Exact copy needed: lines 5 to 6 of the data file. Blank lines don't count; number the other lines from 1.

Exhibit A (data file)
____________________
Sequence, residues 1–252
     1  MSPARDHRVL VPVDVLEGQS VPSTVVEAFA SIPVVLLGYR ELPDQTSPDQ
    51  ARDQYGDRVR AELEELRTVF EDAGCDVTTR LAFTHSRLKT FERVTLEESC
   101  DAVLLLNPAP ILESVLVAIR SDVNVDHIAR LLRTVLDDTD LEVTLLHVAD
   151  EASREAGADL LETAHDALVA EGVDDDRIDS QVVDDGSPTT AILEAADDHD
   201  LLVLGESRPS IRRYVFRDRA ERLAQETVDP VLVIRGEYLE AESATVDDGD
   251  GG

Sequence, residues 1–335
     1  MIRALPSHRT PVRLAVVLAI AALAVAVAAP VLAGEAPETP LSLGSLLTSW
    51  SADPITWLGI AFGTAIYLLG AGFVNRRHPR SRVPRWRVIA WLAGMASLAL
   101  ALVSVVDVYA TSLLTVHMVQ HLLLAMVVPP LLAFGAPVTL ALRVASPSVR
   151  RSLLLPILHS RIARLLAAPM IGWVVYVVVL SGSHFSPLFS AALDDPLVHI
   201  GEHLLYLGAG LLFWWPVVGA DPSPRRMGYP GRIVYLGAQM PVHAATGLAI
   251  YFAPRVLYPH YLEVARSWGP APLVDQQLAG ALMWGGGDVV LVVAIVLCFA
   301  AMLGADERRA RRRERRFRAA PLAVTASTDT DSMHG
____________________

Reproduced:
   151  EASREAGADL LETAHDALVA EGVDDDRIDS QVVDDGSPTT AILEAADDHD
   201  LLVLGESRPS IRRYVFRDRA ERLAQETVDP VLVIRGEYLE AESATVDDGD